5 documenting continuance. It has not yet seriously attended to the potential manifestations of changing North-South relations in the wake of the new emergent powers, or changing migration patterns (as those reflected in the case of Portugal and its former colonies). Hence, while drawing on post-colonial theory, this research project will also contribute with new perspectives and data not yet addressed within this field of studies. Being the one of the poorest and most peripheral nations in Europe, Portugal has often been described as a subaltern empire Feldman-Bianco (2001:479) and has received comparably little attention in post-colonial studies. Most of the research addressing Portuguese colonialism has analyzed and engaged in a critical analysis of lusotropicalismo, the lusotropical ideology, which was adopted in the 1950s, during the Portuguese Salazar dictatorship, and which gained scientific clout through the studies of the Brazilian sociologist Gilberto Freyre (1946; 1961). This ideology was adopted in an effort to legitimate continued Portugese colonization, despite the pressure from the burgeoning independence movements (Helgesson 2001; Rodrigues 2003). The fundamental idea in lusotropicalism was that the Portuguese colonial rule was unique because it created a hybrid creolized social formation wherever it was entrenched. According to Freyre, the Portuguese colonies were characterized by a harmonious unity as the colonial masters adapted to the culture of the territories they ruled and rejected ideas of ethnic purity that marked, for instance, British colonialism. This discourse of a lusotropical image of communality across the (former) empire has continued to shape official Portuguese rhetoric in relation to the African ex-colonies. Political and economic alliances with the former colonies is based on references to a specific brotherhood of cultural continuity and language (Rodrigues n.d.). The issue of Lusophony has become a leading theme for reconfiguring a Portuguese global community (Vale de Almeida 2001). Yet, as several post-colonial analysts have highlighted, despite its emphasis of brotherhood and community, lusotropicalism functioned to legitimize and hide unequal relations. Portugese colonialism was still based on racial discrimination connected to an image of the White (male) Portuguese as superior (Meintel 1984). Moreover, and in contrast to the politicized stress on Luso-African unity, the African migrants in Portugal have not been met with expressions of brotherhood. Race has been a cornerstone of the way in which the metropolitan Portuguese community is socially imagined (Lubkemann 2002). Estimations indicate that there are some 60,000 Cape Verdeans (immigrants and their descendants) in Portugal, and some 30,000 Angolans (Pires 2010). In everyday life, these African migrants have often been met with prejudices, discrimination and verbal abuse (Fikes 2009). In media, they are frequently associated with violence, unemployment, drug trafficking and the black market (Marques 2007). This stands in stark contrast to the popular idea that the Portuguese are characteristically anti-racist. It should be emphasized that there are differences in the Portuguese postcolonial relations to the two cases addressed in this research project. In colonial times, Cape Verdeans were seen as culturally closer than Angolans because of the former s mixed African- Portuguese ancestry. Whereas less than 1 % of the Angolan population were classified as assimilados and thereby given the right to a Portuguese passport, all Cape Verdeans - in theory - possessed Portuguese citizenship (Bender 1978). Moreover, the Cape Verdeans were allowed to play the role of proxy colonisers and to be middlemen in the empire. This historic 5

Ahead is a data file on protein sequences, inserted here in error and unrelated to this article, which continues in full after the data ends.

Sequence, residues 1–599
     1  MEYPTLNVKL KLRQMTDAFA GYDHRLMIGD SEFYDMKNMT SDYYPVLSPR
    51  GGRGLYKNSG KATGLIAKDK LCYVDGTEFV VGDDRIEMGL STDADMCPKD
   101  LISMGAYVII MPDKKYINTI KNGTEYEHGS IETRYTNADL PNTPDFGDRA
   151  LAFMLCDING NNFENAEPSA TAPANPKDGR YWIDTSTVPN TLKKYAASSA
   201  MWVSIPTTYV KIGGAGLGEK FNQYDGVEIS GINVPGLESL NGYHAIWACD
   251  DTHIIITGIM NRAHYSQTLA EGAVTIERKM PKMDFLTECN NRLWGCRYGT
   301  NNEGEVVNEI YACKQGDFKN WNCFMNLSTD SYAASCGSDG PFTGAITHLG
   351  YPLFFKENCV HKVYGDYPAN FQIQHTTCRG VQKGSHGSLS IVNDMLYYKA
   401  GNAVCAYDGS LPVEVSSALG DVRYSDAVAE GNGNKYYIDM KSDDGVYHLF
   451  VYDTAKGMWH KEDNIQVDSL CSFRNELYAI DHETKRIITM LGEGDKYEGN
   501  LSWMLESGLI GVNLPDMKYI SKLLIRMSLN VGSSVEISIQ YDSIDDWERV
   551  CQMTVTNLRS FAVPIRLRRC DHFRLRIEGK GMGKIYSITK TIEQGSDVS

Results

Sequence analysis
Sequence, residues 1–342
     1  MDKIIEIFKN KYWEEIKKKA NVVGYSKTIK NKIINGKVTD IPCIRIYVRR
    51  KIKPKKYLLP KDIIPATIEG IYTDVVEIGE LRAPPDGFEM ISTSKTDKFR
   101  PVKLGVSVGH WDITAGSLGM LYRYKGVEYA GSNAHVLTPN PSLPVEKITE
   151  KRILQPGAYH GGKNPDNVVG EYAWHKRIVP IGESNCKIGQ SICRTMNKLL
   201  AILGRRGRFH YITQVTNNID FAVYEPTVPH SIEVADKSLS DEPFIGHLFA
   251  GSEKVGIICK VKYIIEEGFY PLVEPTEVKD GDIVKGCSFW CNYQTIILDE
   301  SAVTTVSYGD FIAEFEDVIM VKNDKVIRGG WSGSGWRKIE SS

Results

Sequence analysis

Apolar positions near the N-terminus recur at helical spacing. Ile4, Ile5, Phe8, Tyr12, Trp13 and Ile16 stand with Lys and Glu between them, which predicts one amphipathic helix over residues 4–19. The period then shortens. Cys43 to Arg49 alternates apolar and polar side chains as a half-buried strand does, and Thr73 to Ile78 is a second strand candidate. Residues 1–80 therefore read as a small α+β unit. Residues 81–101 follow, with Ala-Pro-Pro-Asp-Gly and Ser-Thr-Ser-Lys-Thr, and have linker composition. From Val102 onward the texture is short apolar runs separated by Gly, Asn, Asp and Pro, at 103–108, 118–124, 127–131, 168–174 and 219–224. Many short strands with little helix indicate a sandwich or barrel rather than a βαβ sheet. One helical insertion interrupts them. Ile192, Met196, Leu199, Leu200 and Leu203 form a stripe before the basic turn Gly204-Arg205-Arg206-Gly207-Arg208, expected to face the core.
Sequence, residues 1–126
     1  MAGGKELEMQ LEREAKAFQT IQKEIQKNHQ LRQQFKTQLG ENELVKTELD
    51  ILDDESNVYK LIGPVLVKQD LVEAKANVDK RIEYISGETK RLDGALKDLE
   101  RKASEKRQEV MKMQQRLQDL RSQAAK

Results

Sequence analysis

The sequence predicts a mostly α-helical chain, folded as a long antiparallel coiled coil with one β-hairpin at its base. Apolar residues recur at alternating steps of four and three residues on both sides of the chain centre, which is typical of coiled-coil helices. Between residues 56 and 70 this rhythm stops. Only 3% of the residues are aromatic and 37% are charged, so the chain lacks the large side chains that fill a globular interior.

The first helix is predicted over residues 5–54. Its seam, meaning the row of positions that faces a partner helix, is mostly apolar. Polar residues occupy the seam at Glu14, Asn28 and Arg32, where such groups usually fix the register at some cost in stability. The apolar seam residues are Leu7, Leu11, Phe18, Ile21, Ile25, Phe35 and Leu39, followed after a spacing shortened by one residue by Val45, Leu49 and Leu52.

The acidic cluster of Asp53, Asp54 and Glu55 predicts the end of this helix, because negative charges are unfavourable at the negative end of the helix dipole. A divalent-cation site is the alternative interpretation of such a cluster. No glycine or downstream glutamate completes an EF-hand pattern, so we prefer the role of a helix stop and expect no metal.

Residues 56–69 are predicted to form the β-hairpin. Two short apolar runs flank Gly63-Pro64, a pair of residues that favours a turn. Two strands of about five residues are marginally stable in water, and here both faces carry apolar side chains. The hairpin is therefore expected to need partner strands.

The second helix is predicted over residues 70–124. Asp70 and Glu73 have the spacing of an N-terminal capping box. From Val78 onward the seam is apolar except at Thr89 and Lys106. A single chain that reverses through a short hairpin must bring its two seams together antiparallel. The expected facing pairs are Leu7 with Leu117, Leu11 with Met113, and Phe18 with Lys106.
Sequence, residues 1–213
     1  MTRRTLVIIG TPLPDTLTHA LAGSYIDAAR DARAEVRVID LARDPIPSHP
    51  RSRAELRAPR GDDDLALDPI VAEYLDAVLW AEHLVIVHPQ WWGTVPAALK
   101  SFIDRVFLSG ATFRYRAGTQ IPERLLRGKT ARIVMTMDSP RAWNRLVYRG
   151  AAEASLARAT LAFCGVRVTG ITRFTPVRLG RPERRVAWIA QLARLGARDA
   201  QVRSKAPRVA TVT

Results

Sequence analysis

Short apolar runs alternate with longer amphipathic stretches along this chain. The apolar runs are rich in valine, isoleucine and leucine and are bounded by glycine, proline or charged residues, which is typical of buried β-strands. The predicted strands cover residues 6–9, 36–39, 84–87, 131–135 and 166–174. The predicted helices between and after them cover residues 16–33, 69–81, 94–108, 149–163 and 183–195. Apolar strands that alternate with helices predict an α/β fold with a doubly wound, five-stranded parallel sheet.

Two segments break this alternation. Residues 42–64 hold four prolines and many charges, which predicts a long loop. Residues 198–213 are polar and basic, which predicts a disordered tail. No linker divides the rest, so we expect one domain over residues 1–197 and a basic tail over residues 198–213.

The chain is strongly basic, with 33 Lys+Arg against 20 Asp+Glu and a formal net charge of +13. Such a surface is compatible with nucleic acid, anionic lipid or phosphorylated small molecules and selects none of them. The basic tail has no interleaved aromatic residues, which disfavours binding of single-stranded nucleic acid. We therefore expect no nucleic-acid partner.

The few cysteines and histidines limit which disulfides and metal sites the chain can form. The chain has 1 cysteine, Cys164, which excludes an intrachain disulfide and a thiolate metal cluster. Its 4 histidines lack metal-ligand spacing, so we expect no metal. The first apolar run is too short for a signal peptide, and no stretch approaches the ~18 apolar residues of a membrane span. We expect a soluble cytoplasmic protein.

6 distinctiveness is less strong inside contemporary Portugal, where Cape Verdean migrants have come to occupy the same immigrant status as other African migrants (Fikes 2009). Project description The project benefits from on interdisciplinary approach through the combination of an interpretative anthropological approach, a postcolonial perspective and the multi-disciplinary fields of migration and development studies. The anthropological thrust lies in capturing the perceptions of the Portuguese migrants, and relating them through careful contextualization to the structural changes taking place in their African countries of destination. The project will depart from fields of inquiry that are traditionally applied to South North labour migration. By relating these research fields to a new kind of migrants, the project will illuminate assumptions that are often taken for granted by scholars. One such assumption is that asymmetrical power relations favouring the resident population always permeate the integration of labour migrants. Understandings concerning the sort of cultural differences that can be accommodated are normally seen as dominated by the majority population (Åkesson 2011b). This project, however, will explore perceptions of integration among migrants who see themselves as sharing a historical position of superiority. Another common assumption is that it is only native migrants, in their roles as remittance senders and returnees, who play a role for social and economic change in developing countries. Moreover, these migrants contribution to development is seen as driven by their moral commitment to their country of origin (Åkesson 2011a). In contrast, this project focuses on migrants who seem to base their role as developers on a view of themselves as bringing a superior knowledge to the country where they temporarily work. At the same time, power relations are conspicuously unstable and contested in relationships between Portuguese, Angolans and Cape Verdeans. The dominance of the ex-colonizer is challenged as s/he is dependent on being accepted on the labour market or among business partners in the former colony. However, power relations and identities cannot be reduced to the question of access to economic resources; they are also created in the ongoing production of cultural ideas. Given this, the manifestations of the changed economic relations in terms of power and identity are not given, but must be subject to a thorough and contextual analysis. Project design The project will conducted during three years, focusing on Portuguese migrants in the cities of Benguela in Angola and Mindelo in Cape Verde. During colonial times, there was a strong Portuguese presence in both these towns, and the colonizers saw them as nearly Portuguese. After independence in 1975, both cities have lost some of their economic power of attraction, but they are still the preferred destination for many of the new Portuguese migrants. These towns are suitable for ethnographic fieldwork because of their convenient size and tight social structures. The main methods of data collection will be participant observation and openended interviews. Participant observation: Entrance to the field will be gained through already existing contacts as well visits to clubs and other social settings where the Portuguese migrants meet spontaneously. In these social settings, special attention will be paid to discussions and 6